Japan's Prime Minister Shinzo Abe is resigning after a year in office marked by scandals involving cabinet members and a disastrous election defeat in July.
Following are profiles of some possible successors.
Now No 2 in the ruling Liberal Democratic Party (LDP), Aso, 66, has served in key cabinet jobs including foreign minister and economic planning minister.
Like Abe, he comes from a venerable political family. His grandfather, then-Prime Minister Shigeru Yoshida, negotiated the peace treaty ending World War Two.
In 2006, Aso came second to Abe in the race for leadership of the LDP.
He appeals to fellow fans of "manga" comics but has stirred controversy with verbal blunders. A security hawk, Aso is a strong supporter of maintaining a tradition to allow only males to become emperor. For more details on Aso see
Tanigaki, 62, served as finance minister under Abe's predecessor, Junichiro Koizumi, and is well versed in economic policy.
The lower house lawmaker is seen as a relative dove on foreign policy.
A graduate of the elite University of Tokyo and a former lawyer, Tanigaki has said Japan will need to raise its 5 percent consumption tax to fix its huge public debt.
The son of a former education minister, Tanigaki is an avid cyclist. He once joked that he wore "tin underpants" -- a reference to his serious and stiff demeanour.
Fukuda, 71, was favoured by Abe's critics to succeed Junichiro Koizumi last year, but the lower house lawmaker never formally threw his hat in the ring.
During his tenure as chief cabinet secretary, a post he held for more than three years, Fukuda was dubbed the "shadow foreign minister". He has long stressed the need for good relations with Asian neighbours China and South Korea.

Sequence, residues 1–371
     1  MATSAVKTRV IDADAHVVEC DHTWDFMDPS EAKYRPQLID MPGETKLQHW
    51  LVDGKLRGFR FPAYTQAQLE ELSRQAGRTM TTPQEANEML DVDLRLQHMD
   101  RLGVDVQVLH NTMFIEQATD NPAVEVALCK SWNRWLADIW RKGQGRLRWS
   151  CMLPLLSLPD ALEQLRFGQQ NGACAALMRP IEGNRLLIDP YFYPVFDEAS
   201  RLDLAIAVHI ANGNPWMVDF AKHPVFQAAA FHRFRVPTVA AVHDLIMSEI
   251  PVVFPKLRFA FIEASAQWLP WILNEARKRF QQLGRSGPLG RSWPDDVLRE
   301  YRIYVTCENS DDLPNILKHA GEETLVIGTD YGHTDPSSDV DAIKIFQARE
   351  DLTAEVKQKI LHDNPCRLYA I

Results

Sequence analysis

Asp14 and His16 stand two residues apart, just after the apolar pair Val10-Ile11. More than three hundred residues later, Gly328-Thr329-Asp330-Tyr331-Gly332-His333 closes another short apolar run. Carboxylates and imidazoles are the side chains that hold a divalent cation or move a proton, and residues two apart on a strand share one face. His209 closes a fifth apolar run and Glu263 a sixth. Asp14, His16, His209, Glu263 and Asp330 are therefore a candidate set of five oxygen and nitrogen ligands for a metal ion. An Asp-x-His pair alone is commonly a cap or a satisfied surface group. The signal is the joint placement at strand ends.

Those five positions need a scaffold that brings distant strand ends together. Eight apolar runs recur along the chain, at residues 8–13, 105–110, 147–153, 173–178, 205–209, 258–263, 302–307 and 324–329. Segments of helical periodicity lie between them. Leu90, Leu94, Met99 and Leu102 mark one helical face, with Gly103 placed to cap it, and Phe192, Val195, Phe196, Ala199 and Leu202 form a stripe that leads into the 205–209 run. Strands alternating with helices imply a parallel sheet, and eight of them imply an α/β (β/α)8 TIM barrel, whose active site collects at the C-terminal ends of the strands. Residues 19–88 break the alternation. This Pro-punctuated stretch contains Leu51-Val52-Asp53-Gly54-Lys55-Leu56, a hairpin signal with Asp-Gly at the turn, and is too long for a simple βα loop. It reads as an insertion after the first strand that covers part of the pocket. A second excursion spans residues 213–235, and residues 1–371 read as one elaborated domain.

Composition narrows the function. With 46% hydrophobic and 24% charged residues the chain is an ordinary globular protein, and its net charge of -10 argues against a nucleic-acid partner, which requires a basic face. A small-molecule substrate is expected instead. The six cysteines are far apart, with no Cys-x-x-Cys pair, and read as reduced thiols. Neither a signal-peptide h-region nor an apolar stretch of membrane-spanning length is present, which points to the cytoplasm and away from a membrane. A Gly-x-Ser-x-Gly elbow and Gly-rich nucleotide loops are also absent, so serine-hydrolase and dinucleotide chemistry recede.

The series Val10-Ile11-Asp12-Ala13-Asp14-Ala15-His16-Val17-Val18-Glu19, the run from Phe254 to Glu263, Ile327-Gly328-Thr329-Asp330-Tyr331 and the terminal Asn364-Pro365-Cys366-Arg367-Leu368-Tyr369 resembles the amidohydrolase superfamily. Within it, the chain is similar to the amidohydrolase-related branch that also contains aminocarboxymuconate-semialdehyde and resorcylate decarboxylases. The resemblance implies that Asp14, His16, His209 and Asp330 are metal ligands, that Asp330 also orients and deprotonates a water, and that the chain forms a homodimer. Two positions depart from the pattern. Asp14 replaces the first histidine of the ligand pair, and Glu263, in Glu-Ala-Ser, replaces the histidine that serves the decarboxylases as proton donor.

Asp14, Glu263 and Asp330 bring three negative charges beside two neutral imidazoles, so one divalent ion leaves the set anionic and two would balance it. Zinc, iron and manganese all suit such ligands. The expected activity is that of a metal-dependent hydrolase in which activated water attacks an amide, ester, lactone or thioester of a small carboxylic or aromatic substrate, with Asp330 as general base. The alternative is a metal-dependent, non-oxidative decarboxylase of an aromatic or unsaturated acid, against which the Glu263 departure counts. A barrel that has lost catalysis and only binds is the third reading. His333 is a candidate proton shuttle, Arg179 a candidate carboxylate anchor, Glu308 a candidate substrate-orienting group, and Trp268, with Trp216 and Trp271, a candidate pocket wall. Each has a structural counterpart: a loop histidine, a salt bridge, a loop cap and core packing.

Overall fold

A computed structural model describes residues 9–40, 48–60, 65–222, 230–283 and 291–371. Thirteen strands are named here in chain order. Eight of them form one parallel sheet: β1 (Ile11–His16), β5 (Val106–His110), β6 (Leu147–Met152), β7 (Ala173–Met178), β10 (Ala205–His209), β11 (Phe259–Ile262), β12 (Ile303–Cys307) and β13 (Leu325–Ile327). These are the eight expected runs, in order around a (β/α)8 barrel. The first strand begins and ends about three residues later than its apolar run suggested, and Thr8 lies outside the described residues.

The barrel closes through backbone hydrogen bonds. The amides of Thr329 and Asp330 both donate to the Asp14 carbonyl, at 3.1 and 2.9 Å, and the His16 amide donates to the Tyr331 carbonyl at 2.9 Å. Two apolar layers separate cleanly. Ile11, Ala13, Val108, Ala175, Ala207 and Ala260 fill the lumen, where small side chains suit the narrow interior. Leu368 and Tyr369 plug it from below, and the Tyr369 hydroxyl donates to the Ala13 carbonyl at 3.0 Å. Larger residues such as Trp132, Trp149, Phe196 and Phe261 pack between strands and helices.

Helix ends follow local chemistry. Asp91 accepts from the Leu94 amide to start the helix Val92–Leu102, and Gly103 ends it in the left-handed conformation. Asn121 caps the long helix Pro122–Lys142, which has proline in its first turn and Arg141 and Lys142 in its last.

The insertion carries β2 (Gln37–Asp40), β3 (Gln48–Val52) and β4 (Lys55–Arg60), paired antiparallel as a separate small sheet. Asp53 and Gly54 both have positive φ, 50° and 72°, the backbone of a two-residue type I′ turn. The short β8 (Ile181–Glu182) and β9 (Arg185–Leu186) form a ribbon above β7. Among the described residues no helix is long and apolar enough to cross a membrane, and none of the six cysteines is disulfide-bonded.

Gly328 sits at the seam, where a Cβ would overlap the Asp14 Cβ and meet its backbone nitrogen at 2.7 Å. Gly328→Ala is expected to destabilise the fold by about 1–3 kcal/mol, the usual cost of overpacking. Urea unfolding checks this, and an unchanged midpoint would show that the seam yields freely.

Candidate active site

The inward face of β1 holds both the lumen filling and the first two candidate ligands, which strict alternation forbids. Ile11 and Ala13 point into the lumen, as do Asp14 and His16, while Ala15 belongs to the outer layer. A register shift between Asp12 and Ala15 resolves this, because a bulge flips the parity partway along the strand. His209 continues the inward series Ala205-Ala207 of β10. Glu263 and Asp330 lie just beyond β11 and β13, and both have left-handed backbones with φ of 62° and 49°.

Known for having a short temper, Fukuda comes from a political family. His father, Takeo Fukuda, was prime minister.
The first to announce his candidacy, Finance Minister Nukaga, 63, was appointed defence minister in 1998 but resigned after a few months in office in a procurement scandal.
Three years later he stepped down as economics minister over a political "money for influence" scandal. Reappointed defence minister in October 2005, Nukaga is an expert in security issues.
Japan's foreign minister, Machimura, 62, has been education minister several times and like Abe is a proponent of education reform to revive patriotism.
Machimura also shares Abe's goal of a bigger say for Japan in global affairs. Last year he headed a ruling party team that called for stronger national intelligence-gathering capabilities.
He is a member of a group of conservative lawmakers who in June urged China to remove photographs and exhibits from museums that they say distort the truth about Tokyo's actions before and during World War Two.
A former defence chief, construction minister and deputy party leader, 70-year-old Yamasaki returned to parliament in a 2005 by-election after losing his seat in a 2003 election.
A long-time ally of Abe's predecessor, Junichiro Koizumi, Yamasaki angered the government in January by visiting North Korea for talks without an official mandate from Abe.
Born in what was then a Japanese-occupied area of China, Yamasaki is a graduate of Tokyo's prestigious Waseda University.
The 58-year-old health minister is a former academic and television commentator, well-known for his harsh criticism of both the government and bureaucrats over mishandling of the public pensions system.
The multilingual Masuzoe wrote a series of magazine articles about his experiences caring for his mother, who suffered from dementia in the last years of her life.
Masuzoe has led a tumultuous personal life and has been married three times, once to Satsuki Katayama, now a fellow LDP lawmaker.
Speculation refuses to die that Koizumi, 65, who served as prime minister for five years, could be called back to take over the leadership.
He topped a newspaper poll last month as the voters' choice to succeed Abe and still serves in parliament, but an LDP executive quoted his as saying on Thursday: "I 100 percent would not run."
A popular maverick who was rarely out of the media eye while in office, Koizumi vowed to carry out reforms and shake up the ruling party. In 2005, he led the LDP to a landslide victory in a lower house election.
But Koizumi himself said last year just before leaving office that he would enjoy his freedom. When asked if he was sorry to leave his official residence, he was quoted as saying "No, no, I will be free."